A Critique of a Critique of Critical Race Theory: How We Navigate in the World While not of the World

I am borrowing extensively from a fellow blogger today who wrote:

Critical Race Theory (Part 8): My Grand Conclusion! What I’ve Learned in My Reading of CRT and What I Feel the Proper Christian/Gospel Response Should Be

Posted on  by joelando11@yahoo.com

“Earlier this summer, before I decided to take the time to read the three books I have covered in this series on critical race theory, I didn’t feel I really knew enough about it to say anything about it. I had heard a few talking heads on cable news decry it as Marxist and racist in and of itself, but didn’t really know much more than that. After a few people wrote to me and asked me what my view of CRT was and if I’d ever write a few posts on it, though, that is when I decided to read up on it and try to distill what I had learned about it in a short blog series.”

I quote from the 8th blog article in a series written by my blogging friend, Joel Edmond Anderson. He finds much to criticize in CRT, but it comes with some caveats. I believe many of my evangelical brothers and sisters would support his critique, which focuses largely on political, ideological and philosophical points (and, truthfully, not much Scripture, though I know him to be a man of Scripture).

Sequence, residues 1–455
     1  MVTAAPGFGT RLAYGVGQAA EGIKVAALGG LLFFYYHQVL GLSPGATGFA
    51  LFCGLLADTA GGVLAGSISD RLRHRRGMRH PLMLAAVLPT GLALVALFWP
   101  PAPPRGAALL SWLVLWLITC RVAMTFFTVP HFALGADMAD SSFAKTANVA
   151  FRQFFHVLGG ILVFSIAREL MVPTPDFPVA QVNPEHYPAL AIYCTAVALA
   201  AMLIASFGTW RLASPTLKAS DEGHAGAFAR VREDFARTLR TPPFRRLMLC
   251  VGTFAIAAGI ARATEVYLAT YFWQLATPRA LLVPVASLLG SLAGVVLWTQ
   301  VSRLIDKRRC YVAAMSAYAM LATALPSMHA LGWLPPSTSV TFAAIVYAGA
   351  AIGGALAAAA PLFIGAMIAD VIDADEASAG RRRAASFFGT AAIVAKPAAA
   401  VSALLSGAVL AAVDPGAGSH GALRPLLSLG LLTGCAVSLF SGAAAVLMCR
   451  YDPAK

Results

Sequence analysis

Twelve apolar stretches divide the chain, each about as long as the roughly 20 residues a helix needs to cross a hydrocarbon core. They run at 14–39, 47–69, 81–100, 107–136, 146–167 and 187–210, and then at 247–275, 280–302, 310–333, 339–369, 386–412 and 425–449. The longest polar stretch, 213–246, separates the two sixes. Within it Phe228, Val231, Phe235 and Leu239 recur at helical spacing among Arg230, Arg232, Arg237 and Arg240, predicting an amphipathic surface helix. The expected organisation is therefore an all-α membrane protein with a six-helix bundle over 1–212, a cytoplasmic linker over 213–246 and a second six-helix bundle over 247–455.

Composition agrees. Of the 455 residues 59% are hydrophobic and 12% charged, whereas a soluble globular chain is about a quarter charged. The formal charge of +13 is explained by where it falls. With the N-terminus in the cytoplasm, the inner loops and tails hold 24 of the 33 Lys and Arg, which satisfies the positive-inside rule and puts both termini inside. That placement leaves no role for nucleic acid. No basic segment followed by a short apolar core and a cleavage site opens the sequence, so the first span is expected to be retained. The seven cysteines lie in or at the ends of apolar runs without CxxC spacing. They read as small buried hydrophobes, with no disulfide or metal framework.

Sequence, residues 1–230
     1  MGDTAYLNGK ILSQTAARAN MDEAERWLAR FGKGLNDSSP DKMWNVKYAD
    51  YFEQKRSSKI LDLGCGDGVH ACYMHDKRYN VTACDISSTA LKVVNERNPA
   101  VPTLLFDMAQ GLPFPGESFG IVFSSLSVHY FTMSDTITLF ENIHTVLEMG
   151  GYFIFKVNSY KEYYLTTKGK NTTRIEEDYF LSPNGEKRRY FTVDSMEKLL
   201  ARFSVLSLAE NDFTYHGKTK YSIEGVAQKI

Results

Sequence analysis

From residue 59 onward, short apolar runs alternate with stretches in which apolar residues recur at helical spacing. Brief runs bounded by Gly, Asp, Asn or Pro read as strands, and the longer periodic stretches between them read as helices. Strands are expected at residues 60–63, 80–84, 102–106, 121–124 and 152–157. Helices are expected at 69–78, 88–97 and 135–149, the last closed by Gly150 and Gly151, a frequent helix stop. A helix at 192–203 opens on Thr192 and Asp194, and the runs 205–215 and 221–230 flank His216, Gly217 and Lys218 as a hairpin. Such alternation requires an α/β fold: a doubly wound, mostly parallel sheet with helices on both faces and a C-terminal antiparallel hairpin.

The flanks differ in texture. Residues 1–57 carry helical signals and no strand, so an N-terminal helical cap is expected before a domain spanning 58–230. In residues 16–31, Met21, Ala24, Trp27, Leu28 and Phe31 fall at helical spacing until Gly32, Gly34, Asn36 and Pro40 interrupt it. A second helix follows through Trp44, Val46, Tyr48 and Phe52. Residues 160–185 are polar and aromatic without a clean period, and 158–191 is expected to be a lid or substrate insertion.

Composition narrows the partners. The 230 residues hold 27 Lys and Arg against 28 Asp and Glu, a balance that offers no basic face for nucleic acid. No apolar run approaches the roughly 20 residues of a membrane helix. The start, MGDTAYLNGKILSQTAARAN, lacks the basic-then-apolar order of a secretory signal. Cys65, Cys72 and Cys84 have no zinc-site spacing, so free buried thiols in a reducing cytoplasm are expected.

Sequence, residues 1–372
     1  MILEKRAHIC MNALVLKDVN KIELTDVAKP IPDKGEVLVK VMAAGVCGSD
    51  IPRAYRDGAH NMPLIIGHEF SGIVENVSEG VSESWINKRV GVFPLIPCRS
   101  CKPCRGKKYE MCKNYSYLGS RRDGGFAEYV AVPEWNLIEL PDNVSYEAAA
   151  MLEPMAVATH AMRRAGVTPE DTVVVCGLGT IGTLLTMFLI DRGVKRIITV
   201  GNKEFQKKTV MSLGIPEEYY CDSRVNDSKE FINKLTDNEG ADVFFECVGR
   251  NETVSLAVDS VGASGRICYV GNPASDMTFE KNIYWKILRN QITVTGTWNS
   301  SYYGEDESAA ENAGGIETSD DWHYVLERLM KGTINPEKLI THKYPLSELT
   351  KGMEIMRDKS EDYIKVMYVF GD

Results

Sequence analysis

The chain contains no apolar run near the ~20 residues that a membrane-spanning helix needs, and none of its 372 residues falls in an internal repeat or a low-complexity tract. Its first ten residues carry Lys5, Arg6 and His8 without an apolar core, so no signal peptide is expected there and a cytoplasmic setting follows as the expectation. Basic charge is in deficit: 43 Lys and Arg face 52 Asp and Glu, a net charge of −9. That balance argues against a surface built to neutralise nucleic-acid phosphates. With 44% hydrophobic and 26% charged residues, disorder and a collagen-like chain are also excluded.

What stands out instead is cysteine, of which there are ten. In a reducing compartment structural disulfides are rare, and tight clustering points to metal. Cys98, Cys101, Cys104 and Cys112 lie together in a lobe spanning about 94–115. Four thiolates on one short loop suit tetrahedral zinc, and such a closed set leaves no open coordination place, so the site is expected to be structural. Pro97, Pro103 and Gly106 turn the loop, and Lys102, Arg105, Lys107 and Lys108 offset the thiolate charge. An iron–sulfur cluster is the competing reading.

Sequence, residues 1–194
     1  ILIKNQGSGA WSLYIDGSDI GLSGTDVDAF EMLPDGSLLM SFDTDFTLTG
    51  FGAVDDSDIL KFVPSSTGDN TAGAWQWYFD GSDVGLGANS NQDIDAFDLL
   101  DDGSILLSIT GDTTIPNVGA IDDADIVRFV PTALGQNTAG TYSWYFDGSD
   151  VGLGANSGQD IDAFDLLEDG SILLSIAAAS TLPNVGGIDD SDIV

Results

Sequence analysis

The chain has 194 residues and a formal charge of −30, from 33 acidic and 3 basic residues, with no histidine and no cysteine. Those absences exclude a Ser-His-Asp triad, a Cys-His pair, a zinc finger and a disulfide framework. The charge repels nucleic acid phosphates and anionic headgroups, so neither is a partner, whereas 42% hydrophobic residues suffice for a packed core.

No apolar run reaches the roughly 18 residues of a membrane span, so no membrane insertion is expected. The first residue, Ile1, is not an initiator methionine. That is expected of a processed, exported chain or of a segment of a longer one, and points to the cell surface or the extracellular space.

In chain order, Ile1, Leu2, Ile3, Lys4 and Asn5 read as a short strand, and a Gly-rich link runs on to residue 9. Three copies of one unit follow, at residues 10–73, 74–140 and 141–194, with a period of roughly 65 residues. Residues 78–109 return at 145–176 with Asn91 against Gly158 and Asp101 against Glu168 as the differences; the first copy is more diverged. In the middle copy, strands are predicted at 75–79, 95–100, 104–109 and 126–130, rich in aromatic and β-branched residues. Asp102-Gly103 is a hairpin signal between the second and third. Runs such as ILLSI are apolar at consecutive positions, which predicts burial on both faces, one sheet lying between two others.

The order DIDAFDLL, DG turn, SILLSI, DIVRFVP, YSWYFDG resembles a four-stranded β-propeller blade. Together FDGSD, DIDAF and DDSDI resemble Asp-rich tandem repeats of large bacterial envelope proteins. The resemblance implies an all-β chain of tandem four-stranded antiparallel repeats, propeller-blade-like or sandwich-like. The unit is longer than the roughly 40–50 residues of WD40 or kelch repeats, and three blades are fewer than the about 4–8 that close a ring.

My past concerns about the critics of CRT I echo here: our baseline should be the Word of God, not political, ideological and philosophical standards. If we devolve into non-biblical standards, we loose our saltiness. We lose our distinctiveness as children of God, citizens of the kingdom of God and aliens and strangers in the world.

Because of the unique position of believers in relation to the world – in the world but not of the world – Christians have often staked out claims against injustice, including the abolition movement, while other people ignored the plight of the oppressed. I believe this is (partially) what it means to be salt and light.

Setting captives free was an essential component of the work of Jesus in the world, but it was only a component of his work. Preaching good news to the poor (the first of the things Jesus announced he came to do) is part and parcel of his purpose in the world. (Luke 4:17-20)

Neglect or rejection of the Gospel (the good news) is a chief complaint of critics of the proponents of CRT. Captives are not truly set free without it. Yet, those who would preach the good news cannot ignore the setting of the captives free. Jesus focused on both, and so should we. Thus, I agree with this first caveat of Anderson:

“I think it has to be clearly emphasized that criticism of CRT isn’t a denial of racism in America or a refusal to try to address clear problems in America that stem from our racist past.”

Anderson goes on to state: